Lockheed Martin‘s long-range anti-ship missile (LRASM) has successfully completed its third air-launched flight test at Point Mugu, California, US.

The test was conducted in support of the US Defense Advanced Research Projects Agency, US Air Force (USAF) and US Navy joint-service LRASM programme.

The LRASM prototype, which was launched from the USAF’s B-1B bomber aircraft, navigated through planned waypoints, receiving in-flight targeting updates from the weapon data link.

Lockheed Martin Missiles and Fire Control LRASM air launch programme director Mike Fleming said: "LRASM continues to prove its maturity and capabilities in this flight test programme.

"This much-needed weapon seeks to provide a new capability that would enable deep strike in previously denied battle environments."

Based on the joint air-to-surface standoff missile extended range (JASSM-ER), the LRASM is designed to meet navy and USAF needs in a robust, anti-access / area-denial threat environment.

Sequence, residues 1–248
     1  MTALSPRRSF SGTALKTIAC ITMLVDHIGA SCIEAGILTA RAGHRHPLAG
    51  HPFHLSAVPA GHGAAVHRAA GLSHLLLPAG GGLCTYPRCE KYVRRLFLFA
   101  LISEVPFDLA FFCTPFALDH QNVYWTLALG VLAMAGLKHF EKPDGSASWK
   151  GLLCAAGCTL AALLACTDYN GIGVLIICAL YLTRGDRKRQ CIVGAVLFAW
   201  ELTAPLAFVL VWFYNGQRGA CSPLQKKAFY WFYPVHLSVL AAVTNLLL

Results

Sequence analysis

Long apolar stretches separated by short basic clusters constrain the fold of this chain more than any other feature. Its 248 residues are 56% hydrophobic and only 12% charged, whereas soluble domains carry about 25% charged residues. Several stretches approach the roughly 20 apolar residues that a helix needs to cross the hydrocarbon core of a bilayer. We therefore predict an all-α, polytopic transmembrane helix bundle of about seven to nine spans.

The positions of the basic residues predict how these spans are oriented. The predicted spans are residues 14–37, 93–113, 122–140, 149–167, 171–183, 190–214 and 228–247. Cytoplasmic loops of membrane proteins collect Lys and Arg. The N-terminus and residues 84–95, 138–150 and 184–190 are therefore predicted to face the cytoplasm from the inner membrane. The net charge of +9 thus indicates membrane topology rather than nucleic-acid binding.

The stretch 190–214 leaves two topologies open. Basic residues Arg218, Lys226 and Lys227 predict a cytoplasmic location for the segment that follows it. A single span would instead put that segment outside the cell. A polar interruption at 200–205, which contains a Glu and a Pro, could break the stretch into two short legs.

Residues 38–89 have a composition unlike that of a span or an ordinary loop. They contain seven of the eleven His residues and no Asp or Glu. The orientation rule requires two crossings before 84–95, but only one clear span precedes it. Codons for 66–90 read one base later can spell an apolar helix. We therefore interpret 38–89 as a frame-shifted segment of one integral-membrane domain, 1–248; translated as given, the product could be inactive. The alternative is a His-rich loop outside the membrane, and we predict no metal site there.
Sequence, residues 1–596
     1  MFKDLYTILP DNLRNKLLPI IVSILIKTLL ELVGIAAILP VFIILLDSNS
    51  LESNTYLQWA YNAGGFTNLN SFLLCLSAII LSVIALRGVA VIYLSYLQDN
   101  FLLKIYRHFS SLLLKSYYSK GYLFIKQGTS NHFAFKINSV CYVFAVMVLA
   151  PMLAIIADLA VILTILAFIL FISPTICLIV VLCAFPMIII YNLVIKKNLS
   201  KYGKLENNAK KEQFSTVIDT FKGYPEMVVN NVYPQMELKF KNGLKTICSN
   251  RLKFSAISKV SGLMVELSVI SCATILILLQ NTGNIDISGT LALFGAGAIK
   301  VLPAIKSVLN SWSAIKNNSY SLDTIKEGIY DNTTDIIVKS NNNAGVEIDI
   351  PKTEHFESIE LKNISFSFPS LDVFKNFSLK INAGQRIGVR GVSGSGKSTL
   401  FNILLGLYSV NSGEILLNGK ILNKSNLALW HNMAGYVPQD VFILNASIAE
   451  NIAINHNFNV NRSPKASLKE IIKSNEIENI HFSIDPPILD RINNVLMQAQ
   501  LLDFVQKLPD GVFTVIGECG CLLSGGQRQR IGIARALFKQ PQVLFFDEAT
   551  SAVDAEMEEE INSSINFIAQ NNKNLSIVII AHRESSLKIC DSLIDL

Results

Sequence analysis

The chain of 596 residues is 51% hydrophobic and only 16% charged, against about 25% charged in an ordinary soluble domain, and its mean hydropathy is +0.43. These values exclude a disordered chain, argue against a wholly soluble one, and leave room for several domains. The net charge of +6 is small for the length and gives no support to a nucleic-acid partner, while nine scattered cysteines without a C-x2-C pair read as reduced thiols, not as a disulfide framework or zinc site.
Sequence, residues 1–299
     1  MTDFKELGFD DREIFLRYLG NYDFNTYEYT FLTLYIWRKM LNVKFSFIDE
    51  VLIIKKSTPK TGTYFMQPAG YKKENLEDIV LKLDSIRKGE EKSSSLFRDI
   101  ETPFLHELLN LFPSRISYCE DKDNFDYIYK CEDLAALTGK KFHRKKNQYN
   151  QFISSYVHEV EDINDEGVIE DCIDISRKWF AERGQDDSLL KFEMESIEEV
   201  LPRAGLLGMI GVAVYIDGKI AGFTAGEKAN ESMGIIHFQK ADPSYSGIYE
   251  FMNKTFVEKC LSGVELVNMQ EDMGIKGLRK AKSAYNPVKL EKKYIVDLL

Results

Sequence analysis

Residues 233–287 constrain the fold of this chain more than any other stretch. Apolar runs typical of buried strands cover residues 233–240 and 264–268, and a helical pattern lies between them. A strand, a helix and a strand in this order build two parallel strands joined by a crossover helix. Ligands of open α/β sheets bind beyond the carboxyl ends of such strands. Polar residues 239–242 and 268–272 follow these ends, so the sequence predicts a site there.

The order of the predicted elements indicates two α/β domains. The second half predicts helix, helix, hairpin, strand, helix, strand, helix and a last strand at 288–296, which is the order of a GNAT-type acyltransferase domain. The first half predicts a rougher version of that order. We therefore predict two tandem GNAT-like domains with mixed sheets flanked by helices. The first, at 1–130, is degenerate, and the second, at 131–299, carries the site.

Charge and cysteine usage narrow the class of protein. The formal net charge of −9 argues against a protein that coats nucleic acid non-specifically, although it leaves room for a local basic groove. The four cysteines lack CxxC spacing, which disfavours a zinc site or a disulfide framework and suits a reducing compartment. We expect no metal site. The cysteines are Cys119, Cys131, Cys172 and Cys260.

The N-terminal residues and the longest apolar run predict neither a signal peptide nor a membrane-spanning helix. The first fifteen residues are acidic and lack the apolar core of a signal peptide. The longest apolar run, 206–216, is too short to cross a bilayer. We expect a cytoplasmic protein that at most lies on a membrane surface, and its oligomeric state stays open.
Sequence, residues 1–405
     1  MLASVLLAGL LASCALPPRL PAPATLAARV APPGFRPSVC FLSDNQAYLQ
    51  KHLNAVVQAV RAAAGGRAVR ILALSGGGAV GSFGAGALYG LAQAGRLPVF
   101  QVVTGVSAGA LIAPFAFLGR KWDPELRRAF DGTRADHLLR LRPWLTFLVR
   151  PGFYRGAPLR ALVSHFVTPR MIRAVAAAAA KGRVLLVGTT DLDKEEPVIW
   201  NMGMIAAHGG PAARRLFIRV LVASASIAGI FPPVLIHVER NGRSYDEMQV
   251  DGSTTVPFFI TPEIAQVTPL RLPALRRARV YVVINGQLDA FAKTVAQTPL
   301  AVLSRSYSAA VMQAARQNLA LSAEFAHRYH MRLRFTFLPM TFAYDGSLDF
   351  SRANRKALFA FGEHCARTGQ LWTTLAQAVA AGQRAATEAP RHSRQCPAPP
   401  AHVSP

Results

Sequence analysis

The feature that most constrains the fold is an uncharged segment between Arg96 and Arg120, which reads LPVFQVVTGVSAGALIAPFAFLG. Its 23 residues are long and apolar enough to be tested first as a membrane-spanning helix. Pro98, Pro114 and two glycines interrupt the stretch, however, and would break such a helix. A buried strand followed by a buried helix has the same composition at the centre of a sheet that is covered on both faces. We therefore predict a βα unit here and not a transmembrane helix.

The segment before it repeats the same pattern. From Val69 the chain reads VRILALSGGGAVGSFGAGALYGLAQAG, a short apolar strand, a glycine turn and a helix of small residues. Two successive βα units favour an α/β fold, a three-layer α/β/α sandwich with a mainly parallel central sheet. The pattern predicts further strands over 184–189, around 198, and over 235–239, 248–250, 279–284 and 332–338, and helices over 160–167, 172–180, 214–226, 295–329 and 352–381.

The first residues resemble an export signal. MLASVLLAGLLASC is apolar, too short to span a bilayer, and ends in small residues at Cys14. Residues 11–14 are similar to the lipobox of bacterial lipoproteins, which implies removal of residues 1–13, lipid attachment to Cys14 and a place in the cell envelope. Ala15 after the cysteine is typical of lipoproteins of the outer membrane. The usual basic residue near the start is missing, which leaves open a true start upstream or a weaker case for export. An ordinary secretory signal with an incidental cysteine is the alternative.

"The LRASM is designed to meet navy and USAF needs in a robust, anti-access / area-denial threat environment."

The JASSM-ER has completed its operational test programme and provides a significant number of parts and assembly-process synergies with LRASM, resulting in reduced costs for offensive anti-surface warfare programmes.

The LRASM precision-guided anti-ship standoff missile is equipped with a multi-mode sensor, weapon data link and an enhanced digital global positioning system to detect and destroy specific targets within a group of ships.

Armed with a 1,000lb penetrator and blast-fragmentation warhead, it can cruise autonomously, day or night, in all weather conditions.

LRASM technology is expected to reduce the US military’s dependence on intelligence surveillance and reconnaissance platforms, network links and GPS navigation in aggressive electronic warfare environments.

Image: A Lockheed Martin-built LRASM. Photo: courtesy of Lockheed Martin Corporation.